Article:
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February 15, 1995 No. 80

Improved NPL SHARE Locking Option

The MS-DOS, MS-Windows and 386 DOS/Extender versions of NPL Release now support Byte 39 of $OPTIONS (previously supported only under the UNIX revisions of NPL). This option can improve performance on both local drives (using SHARE lock calls) and network drives on Novell NetWare or NetBIOS based networks.

NOTE: Developers can expect performance a increase in all environments by enabling this option.

When the HEX (01) bit of $OPTIONS in byte 39 is set to 0 (the default value), NPL issues an implied $OPEN for the duration of each disk statement, if an explicit $OPEN has not already been issued. The purpose of this implied $OPEN is to ensure that if any other users have issued an explicit $OPEN against the diskimage, the explicit lock is respected and the platter is not accessed until the lock is released.

When the HEX (01) bit of $OPTIONS byte 39 is set to 1, NPL will allow atomic disk statements (i.e., those completed with a single read or write operation) to access a diskimage file without issuing an implied $OPEN. If other users have issued an explicit $OPEN against the diskimage, the platter is not accessed until the lock is released.

The following disk statements are always atomic:


* If size of buffer is an even multiple of 256 bytes

NOTE: The net effect of this option is to improve overall concurrent access to shared diskimage files (especially in networked environments where filelocking is typically slow; i.e., NetBIOS type networks), if the majority of access to these diskimage files use the above operations.

Under MS-DOS, MS-Windows and 386/DOS Extender, a request to read or write from a file that is currently locked returns an error. If this occurs in any situation where the current task has suppressed an implied lock, NPL assumes the error could be due to a lock on the data being held by another user or task. NPL then issues the suppressed implied lock and then retries the operation. If an error still occurs, the error is reported (as on previous releases), otherwise, no error is reported and the program continues.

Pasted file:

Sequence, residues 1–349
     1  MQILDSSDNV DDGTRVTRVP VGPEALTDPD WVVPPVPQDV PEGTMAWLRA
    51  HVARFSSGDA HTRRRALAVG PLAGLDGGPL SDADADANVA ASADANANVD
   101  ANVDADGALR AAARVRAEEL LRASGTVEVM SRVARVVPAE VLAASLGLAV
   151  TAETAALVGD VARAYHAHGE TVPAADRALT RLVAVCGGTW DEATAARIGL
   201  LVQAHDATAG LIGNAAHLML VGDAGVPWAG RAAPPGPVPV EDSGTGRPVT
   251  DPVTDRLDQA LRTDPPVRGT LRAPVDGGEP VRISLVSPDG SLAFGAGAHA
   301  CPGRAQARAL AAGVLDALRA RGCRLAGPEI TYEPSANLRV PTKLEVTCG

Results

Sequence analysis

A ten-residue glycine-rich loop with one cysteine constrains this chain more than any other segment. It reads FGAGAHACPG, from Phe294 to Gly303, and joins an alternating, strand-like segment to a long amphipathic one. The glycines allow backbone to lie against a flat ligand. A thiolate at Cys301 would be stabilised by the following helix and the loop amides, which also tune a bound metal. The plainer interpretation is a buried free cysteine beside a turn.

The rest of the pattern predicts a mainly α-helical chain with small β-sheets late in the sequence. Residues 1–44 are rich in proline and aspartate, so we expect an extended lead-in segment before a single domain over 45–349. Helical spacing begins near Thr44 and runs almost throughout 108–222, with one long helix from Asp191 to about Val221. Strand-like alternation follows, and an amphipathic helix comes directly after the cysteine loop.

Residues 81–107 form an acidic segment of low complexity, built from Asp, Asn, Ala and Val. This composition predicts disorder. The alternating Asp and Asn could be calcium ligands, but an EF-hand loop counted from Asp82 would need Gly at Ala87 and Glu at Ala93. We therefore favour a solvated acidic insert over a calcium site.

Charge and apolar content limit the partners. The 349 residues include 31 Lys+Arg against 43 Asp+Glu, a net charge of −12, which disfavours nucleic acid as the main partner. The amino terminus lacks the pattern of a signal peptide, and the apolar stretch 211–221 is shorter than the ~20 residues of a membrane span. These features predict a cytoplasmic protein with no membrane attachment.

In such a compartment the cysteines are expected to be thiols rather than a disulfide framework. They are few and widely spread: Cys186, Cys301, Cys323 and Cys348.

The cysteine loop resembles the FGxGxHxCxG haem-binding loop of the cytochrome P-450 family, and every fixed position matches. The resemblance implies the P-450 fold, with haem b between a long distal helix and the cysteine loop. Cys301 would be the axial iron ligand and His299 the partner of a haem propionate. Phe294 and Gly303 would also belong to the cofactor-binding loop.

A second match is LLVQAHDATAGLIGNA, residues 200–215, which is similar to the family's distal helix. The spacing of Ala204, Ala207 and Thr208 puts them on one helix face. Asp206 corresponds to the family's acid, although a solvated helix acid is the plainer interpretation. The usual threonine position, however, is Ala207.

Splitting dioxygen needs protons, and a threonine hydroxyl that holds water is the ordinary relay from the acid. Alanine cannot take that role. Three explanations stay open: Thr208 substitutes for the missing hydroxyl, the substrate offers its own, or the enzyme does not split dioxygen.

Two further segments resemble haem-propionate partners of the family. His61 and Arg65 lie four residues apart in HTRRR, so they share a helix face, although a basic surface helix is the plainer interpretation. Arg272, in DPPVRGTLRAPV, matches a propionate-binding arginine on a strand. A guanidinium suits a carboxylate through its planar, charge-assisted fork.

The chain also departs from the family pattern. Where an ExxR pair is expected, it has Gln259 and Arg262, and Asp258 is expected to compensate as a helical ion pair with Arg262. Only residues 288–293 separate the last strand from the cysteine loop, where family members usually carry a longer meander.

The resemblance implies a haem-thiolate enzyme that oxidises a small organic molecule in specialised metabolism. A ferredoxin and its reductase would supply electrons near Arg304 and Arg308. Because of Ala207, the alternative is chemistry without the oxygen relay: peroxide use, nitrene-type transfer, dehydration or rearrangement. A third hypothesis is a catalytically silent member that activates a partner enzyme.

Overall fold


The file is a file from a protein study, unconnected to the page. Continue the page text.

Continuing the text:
NOTE: The size of an implied lock in the event of a retry is affected by the HEX (02) bit of $OPTIONS byte 39. If the HEX (02) bit is 0 (the default), a full file lock is issued. When the HEX (02) bit is set to 1, only the area being read by the statement is locked.

For maximum concurrence both the HEX (01) and HEX (02) bits should be set to 1.

Under UNIX, if an explicit $OPEN is active on a file, any requests to read or write data in the file automatically wait to be released.

The following describes all possible values of $OPTIONS byte 39. Values in this byte are treated as bit flags controlling special optimizations for implied $OPEN operations.

Bit MaskBit Value


HEX(01)0Default. No special avoidance of implied $OPENs.
1The RunTime suppresses implied $OPENS on atomic DATALOAD/DATASAVE BA/BM operations. Under UNIX NPL waits for the lock to be released. Under MS-DOS, MS-Windows and 386/DOS-Extender, NPL receives an error and issues a retry. If an error is still encountered, it is reported as in previous releases.
HEX(02)0Default. No special handling of implied $OPENs.
1The RunTime issues limited file locks instead of implied OPENs for atomic DATALOAD/DATASAVE BA/BM operations. On UNIX systems with both the HEX (01) and HEX (02) bits set, the HEX (01) bit takes precedence.
HEX(04)0Default. No special handling of implied $OPENs.
1The RunTime issues limited file locks instead of implied $OPENs for atomic DATALOAD/DATASAVE DC/DA operations.
All other bits0Reserved. Default to 0 and should not be used.

NOTE: Previous MS-DOS based releases of NPL will treat all values the same as HEX (00) on all MS-DOS based operating systems. The HEX (01) bit of $OPTIONS byte 39 was previously implemented only on UNIX based operating environments.

Use of the HEX (04) bit can also substantially increase the ability to access a diskimage concurrently by many users, provided the accessed areas do not overlap. This option should only be set if DATALOAD DC/DA operations are always used by the application to access single data records (saved with one DATASAVE statement), starting at the first sector of the record.

WARNING: If the HEX (04) bit is set, reading multiple consecutive records with a single DATALOAD DC/DA statement without first locking the entire diskimage (with $OPEN) can cause access failures on some operating systems, notably in MS-DOS based environments (i.e., NetBIOS, Novell etc...) The errors may be reported as a RunTime error or as a "Device not ready" screen.

Since this failure can only occur in multi-user environments when records other than the first in a block are concurrently accessed (and locked) by another user, this problem may not appear when testing the application in a single user environment.

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